87. A New Life Made Possible by a $170 Discount -

A harassment conviction lingered on the record of Memphis resident Brenda A. for 10 years, the high cost of expungement making it difficult to erase the past.

Like many people convicted of misdemeanors and felonies, she paid her court fees and fines, along with probation costs, years ago, but had trouble cobbling together the money to expunge her record, making it hard to land a good job and make a fresh start.

88. Kids Are Like Dogs, Teens Are Like Cats -

They sat in my office, their eyes glazed over with confusion and concern, talking about their teenage child. During my career as an educator, I had hundreds of conversations with parents with this familiar ring: “He seems so distant, resentful of our rules, things we always did together as a family. There is always drama, and we’re not even sure why we’re so upset. She says these are supposed to be the best years of her life and we’re ruining them.” 

89. Foote Homes Families Leave Behind Memories Happy and Sad -

Streets Ministries on Vance Avenue has worked closely with the residents of Foote Homes, the last of whom moved out on Jan. 31 in preparation for the demolition of the city’s largest public housing project.

90. Tubby Smith, Barrett Jones, Former MLB All-Stars Joined FESJC Pro-Am June 5 -

The 60th FedEx St. Jude Classic teed off on Monday, June 5, with the Danny Thomas Pro-Am at TPC Southwind.

It is the continuation of a tradition. Back in 1960, the Memphis Open Golf Tournament presented Thomas with a check for $600. It was seed money that went toward the opening of St. Jude Children’s Research Hospital. 

91. Trump to Push for $1 Trillion for Roads, Bridges -

WASHINGTON (AP) – President Donald Trump is launching a major push for a $1 trillion overhaul of the nation's roads and bridges, a key item on his domestic agenda that's gained little traction amid a slew of controversies that have engulfed the White House.

92. The Week Ahead: June 5-11 -

Hello, Memphis! This week, we’re getting into the swing of things with the FedEx St. Jude Golf Classic, jumping into the ring at the Germantown Charity Horse Show and catching a free flick at an outdoor movie screening. Check out the rest of our top picks in The Week Ahead…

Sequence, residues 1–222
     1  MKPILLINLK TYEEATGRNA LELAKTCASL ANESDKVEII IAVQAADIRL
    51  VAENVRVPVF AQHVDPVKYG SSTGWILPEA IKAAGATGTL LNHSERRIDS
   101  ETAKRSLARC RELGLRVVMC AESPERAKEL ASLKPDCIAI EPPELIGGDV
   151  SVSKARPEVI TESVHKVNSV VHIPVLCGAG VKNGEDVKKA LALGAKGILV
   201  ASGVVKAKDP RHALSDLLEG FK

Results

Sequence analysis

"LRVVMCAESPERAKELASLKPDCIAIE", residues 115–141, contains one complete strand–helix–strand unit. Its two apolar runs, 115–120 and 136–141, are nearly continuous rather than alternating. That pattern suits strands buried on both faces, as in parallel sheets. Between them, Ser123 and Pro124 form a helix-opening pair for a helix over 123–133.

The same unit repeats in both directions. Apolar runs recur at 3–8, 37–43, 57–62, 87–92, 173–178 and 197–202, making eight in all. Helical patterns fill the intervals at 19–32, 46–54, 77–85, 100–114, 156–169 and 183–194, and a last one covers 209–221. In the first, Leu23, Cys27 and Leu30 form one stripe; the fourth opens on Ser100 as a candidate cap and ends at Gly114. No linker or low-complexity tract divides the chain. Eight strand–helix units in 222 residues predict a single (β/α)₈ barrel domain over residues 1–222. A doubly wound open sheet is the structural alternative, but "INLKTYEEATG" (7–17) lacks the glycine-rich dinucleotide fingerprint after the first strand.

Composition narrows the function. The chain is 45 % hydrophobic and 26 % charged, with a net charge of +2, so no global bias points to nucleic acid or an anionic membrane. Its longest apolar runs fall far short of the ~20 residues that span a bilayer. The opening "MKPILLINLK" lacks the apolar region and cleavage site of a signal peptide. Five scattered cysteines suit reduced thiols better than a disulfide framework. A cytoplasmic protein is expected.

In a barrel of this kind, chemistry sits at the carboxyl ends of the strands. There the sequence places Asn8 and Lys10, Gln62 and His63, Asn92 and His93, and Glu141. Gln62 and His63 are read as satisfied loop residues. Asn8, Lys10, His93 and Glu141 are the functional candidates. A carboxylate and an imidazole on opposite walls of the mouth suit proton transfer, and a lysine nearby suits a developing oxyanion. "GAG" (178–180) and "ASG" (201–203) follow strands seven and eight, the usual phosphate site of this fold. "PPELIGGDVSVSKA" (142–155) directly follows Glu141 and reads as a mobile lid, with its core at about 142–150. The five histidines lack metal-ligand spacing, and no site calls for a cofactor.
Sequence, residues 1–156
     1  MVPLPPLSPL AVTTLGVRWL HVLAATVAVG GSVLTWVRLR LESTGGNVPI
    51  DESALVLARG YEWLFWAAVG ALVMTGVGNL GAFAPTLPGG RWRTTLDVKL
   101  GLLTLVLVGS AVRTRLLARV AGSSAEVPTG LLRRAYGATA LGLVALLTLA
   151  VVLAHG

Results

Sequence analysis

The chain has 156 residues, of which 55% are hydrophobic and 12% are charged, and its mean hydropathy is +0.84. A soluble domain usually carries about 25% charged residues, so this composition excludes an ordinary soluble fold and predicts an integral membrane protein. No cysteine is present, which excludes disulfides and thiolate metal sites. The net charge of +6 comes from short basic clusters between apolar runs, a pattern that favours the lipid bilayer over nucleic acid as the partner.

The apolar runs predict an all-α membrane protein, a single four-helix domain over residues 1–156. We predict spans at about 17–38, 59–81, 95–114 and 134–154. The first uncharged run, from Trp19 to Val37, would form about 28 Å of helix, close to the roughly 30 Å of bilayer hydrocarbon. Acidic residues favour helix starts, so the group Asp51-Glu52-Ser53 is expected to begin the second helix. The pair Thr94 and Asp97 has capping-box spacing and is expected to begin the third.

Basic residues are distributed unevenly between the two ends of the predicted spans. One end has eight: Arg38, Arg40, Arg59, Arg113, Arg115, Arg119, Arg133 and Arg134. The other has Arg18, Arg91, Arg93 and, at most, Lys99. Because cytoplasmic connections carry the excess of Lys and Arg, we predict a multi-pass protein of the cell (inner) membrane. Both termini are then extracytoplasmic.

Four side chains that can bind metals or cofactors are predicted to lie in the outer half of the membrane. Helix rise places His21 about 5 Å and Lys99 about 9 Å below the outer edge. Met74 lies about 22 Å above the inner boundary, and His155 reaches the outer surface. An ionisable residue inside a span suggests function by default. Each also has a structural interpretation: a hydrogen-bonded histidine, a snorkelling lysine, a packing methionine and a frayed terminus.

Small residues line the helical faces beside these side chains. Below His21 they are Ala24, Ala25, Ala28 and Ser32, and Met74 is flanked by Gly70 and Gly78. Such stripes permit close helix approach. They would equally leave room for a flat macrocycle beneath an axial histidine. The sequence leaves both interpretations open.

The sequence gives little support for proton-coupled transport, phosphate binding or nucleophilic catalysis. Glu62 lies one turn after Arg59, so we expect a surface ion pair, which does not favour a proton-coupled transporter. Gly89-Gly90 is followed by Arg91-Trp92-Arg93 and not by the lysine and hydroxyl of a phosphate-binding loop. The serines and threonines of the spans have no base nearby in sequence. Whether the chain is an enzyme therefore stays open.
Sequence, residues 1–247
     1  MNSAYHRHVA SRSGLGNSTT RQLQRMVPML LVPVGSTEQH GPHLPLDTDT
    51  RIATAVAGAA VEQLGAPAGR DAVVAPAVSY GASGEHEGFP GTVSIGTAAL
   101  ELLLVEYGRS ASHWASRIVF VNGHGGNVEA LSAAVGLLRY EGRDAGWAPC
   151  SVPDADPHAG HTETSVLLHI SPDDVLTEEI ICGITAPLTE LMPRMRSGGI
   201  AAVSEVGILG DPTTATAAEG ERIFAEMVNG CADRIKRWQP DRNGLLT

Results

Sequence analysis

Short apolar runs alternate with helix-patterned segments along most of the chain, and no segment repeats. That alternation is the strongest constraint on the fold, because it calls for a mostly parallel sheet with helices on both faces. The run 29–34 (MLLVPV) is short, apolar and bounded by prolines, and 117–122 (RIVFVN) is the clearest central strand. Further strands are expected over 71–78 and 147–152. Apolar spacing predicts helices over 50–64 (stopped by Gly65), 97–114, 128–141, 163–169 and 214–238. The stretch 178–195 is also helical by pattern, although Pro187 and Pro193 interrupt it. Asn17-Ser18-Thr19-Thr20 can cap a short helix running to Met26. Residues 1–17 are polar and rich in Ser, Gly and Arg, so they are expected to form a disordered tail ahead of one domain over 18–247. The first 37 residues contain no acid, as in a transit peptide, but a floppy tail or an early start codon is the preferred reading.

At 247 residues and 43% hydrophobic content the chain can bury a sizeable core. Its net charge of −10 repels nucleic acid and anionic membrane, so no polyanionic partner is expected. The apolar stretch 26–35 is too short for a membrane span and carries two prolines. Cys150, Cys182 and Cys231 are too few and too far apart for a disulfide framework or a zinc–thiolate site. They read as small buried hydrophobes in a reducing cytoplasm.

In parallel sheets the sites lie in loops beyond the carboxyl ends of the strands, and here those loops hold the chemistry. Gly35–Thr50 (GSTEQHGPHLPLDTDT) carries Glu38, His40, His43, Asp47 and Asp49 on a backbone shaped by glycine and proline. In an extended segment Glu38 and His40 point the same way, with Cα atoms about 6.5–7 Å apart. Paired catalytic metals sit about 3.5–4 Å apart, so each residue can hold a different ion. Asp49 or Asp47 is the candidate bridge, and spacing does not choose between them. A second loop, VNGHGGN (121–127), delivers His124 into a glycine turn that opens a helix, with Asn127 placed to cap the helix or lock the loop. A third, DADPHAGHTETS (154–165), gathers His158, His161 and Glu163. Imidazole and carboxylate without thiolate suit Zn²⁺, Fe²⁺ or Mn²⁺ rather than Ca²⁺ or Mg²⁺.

93. Frayser Recovery Efforts Before Storm Continue Afterward -

Recovery efforts in Frayser aren’t just about the weather and they didn’t just start after the Memorial Day weekend storm that did plenty of damage in neighborhoods with old, large trees.

94. Events -

The FedEx St. Jude Classic golf tournament will be held Monday through Sunday, June 5-11, at TPC Southwind, 3325 Club at Southwind. The PGA Tour stop will feature tournament play, celebrity pro-am and more. Visit stjudeclassic.com for a schedule.

95. SEC Coaches Unanimously Object to NCAA Recruiting Reforms -

DESTIN, Fla. (AP) – Southeastern Conference coaches unanimously agree on one topic at the league's spring meetings this week: They disapprove of NCAA recruiting reforms passed in May.

"I think it's reckless, really," Mississippi coach Hugh Freeze said.

96. Events -

The 2017 Explore Memphis kickoff party will be held Friday, June 3, from 11 a.m. to 3 p.m. at the Benjamin L. Hooks Central Library, 3030 Poplar Ave. Events include author talks/signings, music, crafts and more, and the library’s community partners will be on hand to provide info on opportunities for library card holders this summer. Visit memphislibrary.org/explorememphis for a schedule.

97. 529 Plans – What You Should Know -

Ray’s Take This August, I will be the proud parent of college freshman. With that pride comes the bills for tuition, room and board, books, etc. 

Dana and I have long believed that an education is the best gift to a child, but not at the expense of our own retirement. We started saving for college the moment we had social security numbers for our kids. With college tuition costs rising every year, saving early for education is one of the most important decisions parents can make. One vehicle for saving is the 529 plan. 

98. Events -

Memphis Italian Festival 2017 will be held Thursday through Saturday, June 1-3, in Marquette Park (corner of Mount Moriah and Park Avenue). The celebration of all things Italian will feature full-course meals and picnic dinners, vendors, bocce and cornhole tournaments, live entertainment and more. Visit memphisitalianfestival.com for details.

99. View From the Hill: GOP Points True North on State’s Moral Compass -

It was billed as the start of the 2018 governor’s race, but the GOP’s Reagan Day Dinner in Murfreesboro last week often sounded more like a tent revival.

Vote for one of these candidates and you’re guaranteed a place in heaven, ran the subtext of the evening, because, after all, everyone knows only Republicans know the road to salvation.

100. Shelby County Schools Debates Funding Strategy for Budget -

Shelby County Schools board members approved a two-year contract extension through the 2019-2020 school year for superintendent Dorsey Hopson Tuesday, May 30, with no debate or discussion and sent a combined $1.3 billion operating and capital budget proposal to the Shelby County Commission for approval.